In the Lurch
One of the first rules you learn in improvisational theater is never to say no. The idea is to keep the scene’s forward momentum constant. If you say no, even as a punch-line, then you bring the scene to a sudden halt, forcing your fellow actors to compensate for the abrupt change in direction. It has a similar effect on the audience: too many abrupt transitions and sudden changes wreak havoc on their patience. To use a familiar metaphor: when your narrative suddenly switches gears, you leave viewers in the lurch.
Intermission repeatedly frustrates audience expectations. There are perhaps a dozen scenes that jar the viewer by introducing seemingly random developments. These digressions threaten to steer the film into the bleak landscape of dark comedy, but in the end, it’s just too sweet. Ugly events occur, but by the time the credits roll, virtue has been rewarded and vice has been punished. It all feels like an odd exercise in self-correcting transgression.
John Crowley’s first feature film comes after a distinguished career as a theatrical director in his native Ireland. Accordingly, the movie, written by Mark Rowe, is a mostly unvarnished tour through the mean streets of an unnamed lower-class Irish industrial town, an ensemble piece constructed with some of today’s most respected Irish actors.
Colm Meaney plays against type as an abusive, bumbling police detective with delusions of grandeur. His Jerry Lynch is a loose cannon with a fondness for boxing and Celtic music, who bases his self-image in his bullying of suspects and informants, including his chief nemesis, the brutish Lehiff (Colin Farrell). Jerry hooks up with a local documentary maker, Ben (Tomás O’Suilleabháin) who aspires to produce more than just human-interest fluff for the local news franchise. Jerry wants to be a TV star.
You can see why he’d want a way out of the decaying streets of this unnamed Irish town. No one seems well off: there’s the lower class and the slightly higher, corrupt class, but there’s not a single character who seems prosperous or even remotely satisfied with his lot. It looks and feels like one of those low-budget BBC dramas from the mid-‘80s that you still see on PBS ever now and again: squalid and over-saturated. Much of the success of the film’s look can be attributed to the work of Polish cinematographer Ryszard Lenczewski.
This is the perfect stage for a series of gray and ambiguous character studies. It is unfortunate that the ambiguity of the film’s best performances (Meaney, Deirdre O’Kane) is at odds with the film’s aspirations towards pointed black humor. One conspicuous example Intermission‘s mordant comedy is the recurring plot device of the boy in the orange coat. This child, identified simply as “The Boy,” acts as a recurring force of nature, tossing literal bricks, eggs, and stones into other characters’ paths.
Narrative logic and punishment in Intermission, just as in real life, seem peevishly arbitrary. But it’s one thing to create compelling character studies, and quite another to craft a black comedy. The weaknesses in Intermission concern the script’s affection for its characters, as this undermines its darker tones. In good black comedy, you get the feeling that anything can happen, to anybody, at any time. Intermission creates this atmosphere up to a point, but it backs away, almost apologetically.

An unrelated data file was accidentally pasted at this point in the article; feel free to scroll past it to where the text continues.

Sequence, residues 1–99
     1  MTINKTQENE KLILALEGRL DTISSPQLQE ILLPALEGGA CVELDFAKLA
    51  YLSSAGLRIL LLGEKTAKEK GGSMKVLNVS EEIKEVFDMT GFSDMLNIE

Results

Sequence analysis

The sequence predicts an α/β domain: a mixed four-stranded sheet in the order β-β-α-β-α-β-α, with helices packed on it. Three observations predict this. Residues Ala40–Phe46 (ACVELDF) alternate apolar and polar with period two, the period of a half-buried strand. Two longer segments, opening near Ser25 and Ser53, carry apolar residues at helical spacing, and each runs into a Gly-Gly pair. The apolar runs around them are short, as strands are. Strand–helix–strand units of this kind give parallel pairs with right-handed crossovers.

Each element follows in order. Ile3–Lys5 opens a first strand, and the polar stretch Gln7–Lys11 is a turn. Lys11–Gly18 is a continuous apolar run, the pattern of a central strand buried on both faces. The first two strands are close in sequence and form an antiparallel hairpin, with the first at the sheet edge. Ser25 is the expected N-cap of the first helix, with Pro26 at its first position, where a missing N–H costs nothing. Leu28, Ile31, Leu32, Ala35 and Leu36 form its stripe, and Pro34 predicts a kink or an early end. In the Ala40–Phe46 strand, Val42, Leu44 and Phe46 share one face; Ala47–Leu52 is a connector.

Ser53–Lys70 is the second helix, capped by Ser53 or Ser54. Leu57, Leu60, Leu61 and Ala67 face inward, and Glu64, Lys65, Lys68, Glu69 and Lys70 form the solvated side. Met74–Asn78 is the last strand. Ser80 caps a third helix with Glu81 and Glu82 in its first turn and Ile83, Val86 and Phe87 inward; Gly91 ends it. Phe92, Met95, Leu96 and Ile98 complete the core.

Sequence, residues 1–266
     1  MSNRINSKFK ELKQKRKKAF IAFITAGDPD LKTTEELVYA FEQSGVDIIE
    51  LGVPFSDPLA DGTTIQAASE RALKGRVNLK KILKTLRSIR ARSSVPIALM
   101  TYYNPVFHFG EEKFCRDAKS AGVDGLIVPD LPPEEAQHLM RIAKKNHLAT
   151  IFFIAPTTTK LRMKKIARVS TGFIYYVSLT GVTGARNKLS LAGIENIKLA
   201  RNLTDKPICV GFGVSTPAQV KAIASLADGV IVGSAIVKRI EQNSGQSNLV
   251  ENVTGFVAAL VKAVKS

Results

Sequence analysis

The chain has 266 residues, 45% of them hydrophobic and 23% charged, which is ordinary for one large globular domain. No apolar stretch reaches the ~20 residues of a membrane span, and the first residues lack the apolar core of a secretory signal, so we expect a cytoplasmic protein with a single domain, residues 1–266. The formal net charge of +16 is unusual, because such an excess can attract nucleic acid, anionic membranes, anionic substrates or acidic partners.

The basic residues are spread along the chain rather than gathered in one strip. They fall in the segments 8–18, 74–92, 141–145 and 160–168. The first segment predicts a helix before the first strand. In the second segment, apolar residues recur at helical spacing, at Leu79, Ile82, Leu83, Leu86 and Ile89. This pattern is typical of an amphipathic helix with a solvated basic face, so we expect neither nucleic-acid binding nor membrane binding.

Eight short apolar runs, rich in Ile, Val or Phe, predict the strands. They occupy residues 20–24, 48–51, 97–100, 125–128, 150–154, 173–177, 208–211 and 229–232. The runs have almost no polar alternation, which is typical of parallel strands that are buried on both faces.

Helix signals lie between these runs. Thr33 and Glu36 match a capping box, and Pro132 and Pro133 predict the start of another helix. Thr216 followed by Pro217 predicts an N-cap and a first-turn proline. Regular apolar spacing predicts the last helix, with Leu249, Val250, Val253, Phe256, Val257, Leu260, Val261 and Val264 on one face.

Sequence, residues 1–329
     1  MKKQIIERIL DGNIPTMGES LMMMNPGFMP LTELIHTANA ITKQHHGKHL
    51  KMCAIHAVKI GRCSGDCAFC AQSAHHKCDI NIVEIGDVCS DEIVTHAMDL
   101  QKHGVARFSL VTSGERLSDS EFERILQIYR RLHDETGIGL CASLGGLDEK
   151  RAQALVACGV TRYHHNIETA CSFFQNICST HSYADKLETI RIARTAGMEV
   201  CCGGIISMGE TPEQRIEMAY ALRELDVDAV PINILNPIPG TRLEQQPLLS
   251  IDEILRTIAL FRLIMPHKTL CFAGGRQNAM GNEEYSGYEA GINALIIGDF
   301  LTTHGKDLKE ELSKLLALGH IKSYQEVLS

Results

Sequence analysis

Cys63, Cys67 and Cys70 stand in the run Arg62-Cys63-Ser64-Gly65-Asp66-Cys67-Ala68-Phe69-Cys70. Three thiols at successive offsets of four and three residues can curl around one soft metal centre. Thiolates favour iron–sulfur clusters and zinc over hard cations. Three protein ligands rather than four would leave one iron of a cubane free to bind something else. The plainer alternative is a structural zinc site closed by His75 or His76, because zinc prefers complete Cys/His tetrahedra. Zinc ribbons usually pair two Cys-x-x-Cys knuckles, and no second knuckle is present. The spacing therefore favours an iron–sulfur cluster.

It isn’t enough merely to shock your audience in the service of black comedy, it is additionally necessary to maintain that ironic tone throughout the piece, or the resulting product will be limp and uneven. The multiple storylines and character arcs that compose the film’s structure present likeable characters in unbelievable circumstances. John (Cillian Murphy) is a decent, if unerringly dull fellow, and though the movie throws all sorts of obstacles in his way, the frequent left turns in his story are just that: momentary detours meant to provide squeamish drama before the inevitable happy resolution.
I would say more about John and Deirdre (Kelly MacDonald), since their romance sits at the ostensible center of the film, but in all honesty, they are the movie’s least interesting elements. Deirdre is slightly more compelling than John; she’s a young woman who temporarily trades up for an older man, but her dilemma never registers. More appealing is Deirdre O’Kane’s Noeleen, the older woman whose husband leaves her for Deirdre. Increasingly frustrated by his betrayals, Noeleen becomes increasingly violent; her acts of misplaced vengeance provide some of the movie’s funniest moments. She seems to have wandered into Intermission from a more gleefully wicked movie.
Crowley’s film is an intriguing beginning to what will hopefully be a long and eventful career. He has a way with actors that gives the movie focus, but that’s no more than you’d expect from someone with a strong background in theater. In an interview with IndieWire, he claims influence by Robert Altman and Paul Thomas Anderson (particularly the densely layered Magnolia), but his grasp of narrative exigency doesn’t match theirs. Instead, Crowley’s movie doesn’t follow any specific event or relationship through to its logical conclusion. The violent feints that weave in and out of Intermission‘s plot lead us through the muggy back streets as long as they resist cloying sentiment.